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India resumes buying Malaysian palm oil as Kuala Lumpur offers discount: Traders

India resumes buying Malaysian palm oil as Kuala Lumpur offers discount: Traders

A worker shows palm oil fruits at palm oil plantation. (Photo: Antara Foto/Akbar Tado/REUTERS)

MUMBAI: Indian refiners have resumed buying Malaysian palm oil after a gap of nearly a month and contracted around 70,000 tonnes of shipments in December as Kuala Lumpur has been offering a US$5 per tonne discount over supplies from rival Indonesia, five traders told Reuters on Thursday (Nov 14).

The resumption in purchases by India, the biggest buyer of Malaysian palm oil this year, could support Malaysian palm oil prices, which are near their highest in two years.

READ: Kashmir row sparks Malaysia, India palm oil tensions 

READ: Malaysia's Prime Minister Mahathir stands by Kashmir comments despite India palm oil boycott

Palm oil is crucial for Malaysian economy as it accounted for 2.8 per cent of Malaysia's gross domestic product last year and 4.5 per cent of total exports.

Indian refiners stopped purchases from Malaysia last month, fearing New Delhi could raise import taxes or enforce other measures to curb imports after Kuala Lumpur criticised New Delhi for its actions in Kashmir.

Malaysian palm oil is available at a US$5 discount amid congestion at Indonesian ports, said a Mumbai-based dealer with a global trading firm.

"This is giving a few buyers a reason to start buying Malaysian oil in small quantities to run their refineries."

Malaysian crude palm oil (CPO) for December shipment on the Indian west coast was available at US$603 on a cost and freight basis (C&F) on Thursday, while Indonesian CPO was quoted at US$608, dealers said.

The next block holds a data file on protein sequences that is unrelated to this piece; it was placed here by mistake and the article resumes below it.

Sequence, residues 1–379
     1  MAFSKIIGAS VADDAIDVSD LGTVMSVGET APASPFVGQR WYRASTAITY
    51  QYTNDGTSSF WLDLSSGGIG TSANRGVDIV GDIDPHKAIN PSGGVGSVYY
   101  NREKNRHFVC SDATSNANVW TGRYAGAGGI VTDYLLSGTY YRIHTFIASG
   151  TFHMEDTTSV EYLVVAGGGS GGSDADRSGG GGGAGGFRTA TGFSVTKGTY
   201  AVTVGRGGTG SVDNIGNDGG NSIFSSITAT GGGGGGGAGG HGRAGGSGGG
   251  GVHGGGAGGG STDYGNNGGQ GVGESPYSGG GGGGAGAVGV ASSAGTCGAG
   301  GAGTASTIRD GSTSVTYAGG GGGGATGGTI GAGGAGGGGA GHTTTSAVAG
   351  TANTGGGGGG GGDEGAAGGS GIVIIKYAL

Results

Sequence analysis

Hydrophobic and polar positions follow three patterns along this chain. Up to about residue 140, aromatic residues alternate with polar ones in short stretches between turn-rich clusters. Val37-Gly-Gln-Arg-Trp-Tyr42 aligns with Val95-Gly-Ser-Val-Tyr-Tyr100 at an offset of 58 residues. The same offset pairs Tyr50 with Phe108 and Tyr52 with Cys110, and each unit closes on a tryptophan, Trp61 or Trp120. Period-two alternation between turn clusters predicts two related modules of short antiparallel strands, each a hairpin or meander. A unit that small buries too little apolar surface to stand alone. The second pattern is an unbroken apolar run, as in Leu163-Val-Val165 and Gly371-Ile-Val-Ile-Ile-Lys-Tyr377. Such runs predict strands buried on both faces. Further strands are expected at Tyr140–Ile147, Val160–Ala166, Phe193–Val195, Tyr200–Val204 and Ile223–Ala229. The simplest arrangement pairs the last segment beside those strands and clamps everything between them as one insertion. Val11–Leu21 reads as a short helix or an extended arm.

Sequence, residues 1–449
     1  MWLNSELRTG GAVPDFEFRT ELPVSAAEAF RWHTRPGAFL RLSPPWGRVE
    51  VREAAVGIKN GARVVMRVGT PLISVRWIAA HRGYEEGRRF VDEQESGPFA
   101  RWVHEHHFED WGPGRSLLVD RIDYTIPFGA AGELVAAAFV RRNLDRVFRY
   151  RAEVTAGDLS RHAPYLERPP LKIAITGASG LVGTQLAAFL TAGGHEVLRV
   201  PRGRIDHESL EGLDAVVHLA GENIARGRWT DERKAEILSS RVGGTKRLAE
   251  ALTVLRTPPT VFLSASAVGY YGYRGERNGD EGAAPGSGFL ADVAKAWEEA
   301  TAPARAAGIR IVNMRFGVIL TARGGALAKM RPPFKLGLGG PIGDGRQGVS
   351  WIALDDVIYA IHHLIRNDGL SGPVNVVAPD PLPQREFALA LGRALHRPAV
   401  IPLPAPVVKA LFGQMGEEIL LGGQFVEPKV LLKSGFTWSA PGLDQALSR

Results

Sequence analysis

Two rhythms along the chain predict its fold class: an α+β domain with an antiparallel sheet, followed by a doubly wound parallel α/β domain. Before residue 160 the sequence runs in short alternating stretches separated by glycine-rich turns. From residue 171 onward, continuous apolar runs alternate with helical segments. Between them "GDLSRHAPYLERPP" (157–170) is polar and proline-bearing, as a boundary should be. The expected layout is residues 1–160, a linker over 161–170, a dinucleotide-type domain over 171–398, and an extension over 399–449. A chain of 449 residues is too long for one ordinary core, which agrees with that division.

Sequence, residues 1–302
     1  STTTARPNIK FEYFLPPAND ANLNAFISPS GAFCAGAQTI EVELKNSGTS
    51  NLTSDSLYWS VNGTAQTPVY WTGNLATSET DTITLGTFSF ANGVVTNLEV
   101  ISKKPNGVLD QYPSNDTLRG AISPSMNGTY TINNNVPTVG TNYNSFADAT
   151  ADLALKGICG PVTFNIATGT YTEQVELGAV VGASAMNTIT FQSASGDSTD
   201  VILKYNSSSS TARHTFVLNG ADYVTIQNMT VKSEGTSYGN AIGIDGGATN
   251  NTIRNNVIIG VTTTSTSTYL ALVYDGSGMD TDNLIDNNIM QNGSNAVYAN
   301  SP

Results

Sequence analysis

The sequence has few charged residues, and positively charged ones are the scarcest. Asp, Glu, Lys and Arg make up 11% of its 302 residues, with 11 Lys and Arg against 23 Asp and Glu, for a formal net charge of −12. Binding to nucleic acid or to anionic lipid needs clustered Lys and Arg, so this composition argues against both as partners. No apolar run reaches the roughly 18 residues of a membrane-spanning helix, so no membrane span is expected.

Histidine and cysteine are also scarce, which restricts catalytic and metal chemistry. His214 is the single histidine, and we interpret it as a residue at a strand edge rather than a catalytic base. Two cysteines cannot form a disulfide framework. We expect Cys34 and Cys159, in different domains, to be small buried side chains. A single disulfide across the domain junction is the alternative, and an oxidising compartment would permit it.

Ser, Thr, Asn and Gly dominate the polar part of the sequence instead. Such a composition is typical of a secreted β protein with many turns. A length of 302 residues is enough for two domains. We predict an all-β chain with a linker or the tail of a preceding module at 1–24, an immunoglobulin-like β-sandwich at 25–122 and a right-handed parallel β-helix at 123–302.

Indonesia is the world's biggest producer of palm oil, followed by Malaysia.

In October, India's top vegetable oil trade body told members to stop buying palm oil from Malaysia in a call aimed at helping New Delhi punish the country for criticising India over its policy towards Kashmir.

India's government was angered after Malaysian Prime Minister Mahathir Mohamad said at the United Nations that India had "invaded and occupied" Jammu and Kashmir and asked New Delhi to work with Pakistan to resolve the issue.

India's government has not made any public remarks about imports of palm oil from Malaysia.

"The dispute has been going on for a month but still India hasn't come out with concrete measures. Some traders have started taking risks, assuming it may not impose a duty on Malaysian palm oil," said a Mumbai-based importer.

Palm oil accounts for nearly two-thirds of India's total edible oil imports. India buys more than 9 million tonnes of palm oil annually, mainly from Indonesia and Malaysia.

In the first 10 months of 2019, India bought 4.1 million tonnes of Malaysian palm oil, Malaysian Palm Oil Board data showed.

Indian refiners have contracted around 70,000 tonnes of CPO for December shipments and a small quantity was also bought for January shipment, said a Kuala Lumpur-based palm oil dealer.

India, the world's biggest importer of edible oils, also buys soy oil from Argentina and Brazil, and sunflower oil from Ukraine.

"As palm oil futures have jumped in the last few weeks, Malaysian traders are eager to sell at higher levels before India imposes any restriction," said a New Delhi-based trader.

Source: AFP/ic


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